First Lieutenant Shaye Haver and Captain Kristen Griest of the US Army may not have broken the military’s brass ceiling, but they have definitely cracked it. Last Friday, they were awarded the prestigious Ranger tab to pin on their uniforms after becoming the first women to pass the 62-day Ranger training course, considered the most intense and demanding in the US military. About 4,000 soldiers attempt the Ranger course every year, and around 40 per cent qualify.
Like their male counterparts who were required to get buzz cuts for the training, the two women also had to have close-cropped hair. But they still cannot join the elite 75th Ranger Regiment, the US Army’s Special Operations force, which remains closed to women.
These two women officers attended the Ranger course as part of the US Army’s ongoing assessment of how to better integrate women in the force. The then US Defence Secretary, Leon Panetta, had announced in 2013 that the military would open up combat roles to women by 2016 unless the services could provide data and evidence to keep certain positions closed to women. The US Navy has already announced that it will not ask for any exemptions for women joining the Seals, the Navy’s elite special operations force.
Clearly, the debate on women in the US military is moving in the right direction. If the US does allow women into combat units — which looks likely — it would join more than 15 other countries, including Canada, France, Germany and Israel, that have removed the ‘brass ceiling’.
What is the situation in India?
Television images of an all-women military contingent marching down Rajpath this Republic Day were impressive, but did not present the full picture. While women have served in the military nursing service since 1927 and as medical officers since 1943, they were allowed to join in other non-combat roles only in 1992. These women can join the Indian armed forces only as officers, and that too in certain specific roles, and largely as short-service officers (a stint of ten years, extendable to 14).
The government has recently granted permanent commission to women serving in the Army’s legal and education corps, their corresponding branches in the Navy and Air Force, the accounts branch of the Air Force and as air traffic controllers in the Navy. But discrimination persists. The case for the grant of permanent commission to women officers in the Army — at par with male officers selected and trained with these women officers — is being heard in the Supreme Court.
Lt Colonel Mitali Madhumita, India’s first woman Army officer to win a Sena Medal (gallantry) for saving at least 19 lives during the February 2010 terrorist attack on the Indian embassy in Kabul, has approached the judiciary because she is not being allowed to change her choice to permanent commission in education corps like her male counterparts.
In any case, the proposal to have women in combat roles was ruled out by Defence Minister Manohar Parrikar in May. Parrikar’s reason was the same as that proffered by the Service Chiefs to the Parliamentary Committee on Women’s Empowerment: that in the case of women being captured by the enemy, the troops would be demoralised. If there was ever a patriarchal argument, then this is the one. How worse could the case of a captured woman soldier be than the brutal torture, chopping of limbs, and murder of Captain Saurabh Kalia and his patrol captured by Pakistani soldiers in Kargil?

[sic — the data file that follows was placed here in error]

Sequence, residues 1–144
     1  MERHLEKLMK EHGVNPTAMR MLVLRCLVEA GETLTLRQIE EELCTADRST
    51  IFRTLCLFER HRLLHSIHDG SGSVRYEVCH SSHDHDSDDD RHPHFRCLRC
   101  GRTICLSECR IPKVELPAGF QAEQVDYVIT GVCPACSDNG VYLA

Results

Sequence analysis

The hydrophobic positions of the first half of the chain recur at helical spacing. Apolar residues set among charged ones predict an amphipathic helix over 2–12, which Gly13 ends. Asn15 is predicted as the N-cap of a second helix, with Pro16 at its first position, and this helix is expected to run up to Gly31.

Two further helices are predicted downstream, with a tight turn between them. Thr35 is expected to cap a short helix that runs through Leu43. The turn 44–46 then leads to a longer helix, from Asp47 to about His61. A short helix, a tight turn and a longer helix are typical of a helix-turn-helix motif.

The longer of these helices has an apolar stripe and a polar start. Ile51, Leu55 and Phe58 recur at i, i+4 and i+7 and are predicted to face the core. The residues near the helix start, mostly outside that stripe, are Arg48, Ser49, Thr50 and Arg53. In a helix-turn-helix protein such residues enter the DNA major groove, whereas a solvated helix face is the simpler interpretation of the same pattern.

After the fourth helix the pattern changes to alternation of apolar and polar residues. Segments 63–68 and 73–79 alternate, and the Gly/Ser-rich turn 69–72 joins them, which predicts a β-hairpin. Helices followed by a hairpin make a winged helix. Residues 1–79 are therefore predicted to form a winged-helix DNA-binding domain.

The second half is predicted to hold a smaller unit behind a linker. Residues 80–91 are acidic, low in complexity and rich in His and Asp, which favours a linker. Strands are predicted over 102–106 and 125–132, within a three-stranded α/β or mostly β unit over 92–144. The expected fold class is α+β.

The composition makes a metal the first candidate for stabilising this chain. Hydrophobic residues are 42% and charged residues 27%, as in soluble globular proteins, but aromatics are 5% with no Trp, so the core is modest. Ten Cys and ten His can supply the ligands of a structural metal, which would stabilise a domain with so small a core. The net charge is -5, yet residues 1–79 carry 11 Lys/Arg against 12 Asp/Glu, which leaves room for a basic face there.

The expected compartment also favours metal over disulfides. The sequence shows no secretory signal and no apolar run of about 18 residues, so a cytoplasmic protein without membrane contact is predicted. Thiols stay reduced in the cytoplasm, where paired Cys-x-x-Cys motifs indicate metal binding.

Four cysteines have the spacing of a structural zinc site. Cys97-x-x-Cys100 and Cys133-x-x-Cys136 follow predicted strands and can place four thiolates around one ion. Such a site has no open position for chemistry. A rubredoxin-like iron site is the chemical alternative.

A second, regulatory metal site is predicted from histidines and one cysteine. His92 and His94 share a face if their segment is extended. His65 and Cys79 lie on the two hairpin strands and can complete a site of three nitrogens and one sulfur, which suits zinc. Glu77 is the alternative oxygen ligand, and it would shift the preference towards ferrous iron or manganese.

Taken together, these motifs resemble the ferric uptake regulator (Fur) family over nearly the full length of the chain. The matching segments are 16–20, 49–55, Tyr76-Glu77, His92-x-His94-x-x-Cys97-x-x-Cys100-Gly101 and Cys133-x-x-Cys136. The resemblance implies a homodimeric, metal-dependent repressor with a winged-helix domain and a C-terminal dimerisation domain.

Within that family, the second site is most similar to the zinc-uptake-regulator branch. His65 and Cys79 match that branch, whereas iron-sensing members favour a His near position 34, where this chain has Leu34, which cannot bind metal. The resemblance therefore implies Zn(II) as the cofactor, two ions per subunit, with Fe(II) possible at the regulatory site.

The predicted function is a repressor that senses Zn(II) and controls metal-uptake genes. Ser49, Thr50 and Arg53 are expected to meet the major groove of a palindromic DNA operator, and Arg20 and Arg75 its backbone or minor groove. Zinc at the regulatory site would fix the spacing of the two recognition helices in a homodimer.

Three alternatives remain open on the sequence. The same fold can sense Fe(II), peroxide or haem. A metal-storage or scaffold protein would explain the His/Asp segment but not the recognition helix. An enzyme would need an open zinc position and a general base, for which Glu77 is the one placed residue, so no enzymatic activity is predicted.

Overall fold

Even if this is a problem, the way forward is to sensitise the larger public, and particularly the military, to accept women in combat roles by shifting the focus away from their gender. The example of the Canadian armed forces is instructive in this regard. In May 2006, Captain Nichola Goddard became the first woman in Canadian history to be killed while serving on the frontline in a direct combat role against the Taliban. Canada’s response did not focus on the issue of gender but rather that it had lost a competent and dedicated soldier.
More than the larger public, any decision to make the defence forces gender-neutral will be controversial within the Indian military. Senior military officers argue that having women in combat roles will damage the cohesion of fighting units, disrupting its esprit de corps and have a detrimental effect on factors such as morale, health and welfare. They also say that women lack the physical strength to be effective in ground close combat. Our prevalent social norms and the background of our troops further complicate the situation, they argue.
These are genuine concerns but experience shows that the most important aspect of successful integration lies with strong leadership, whereby women are treated as equals with the men in their unit. Moreover, in today’ asymmetric wars, where there are no defined frontlines, while exclusionary policies may keep women out of the combat arms, they cannot be kept out of combat itself.
In no country has the military hierarchy easily changed its views on altering the status quo, which has been traditionally and exclusively male. Even in Canada and Israel, the removal of combat exclusion for women was a result of political and legal pressures imposed on the military. These militaries had to then make large adjustments. It may well go the same way in India.
Finally, it all boils down to this: if a soldier — irrespective of gender — can meet the standards the military has established for a particular job, he or she should be able to serve there. As research shows, it is leadership which is a major factor in how well military units perform — not the presence or absence of women.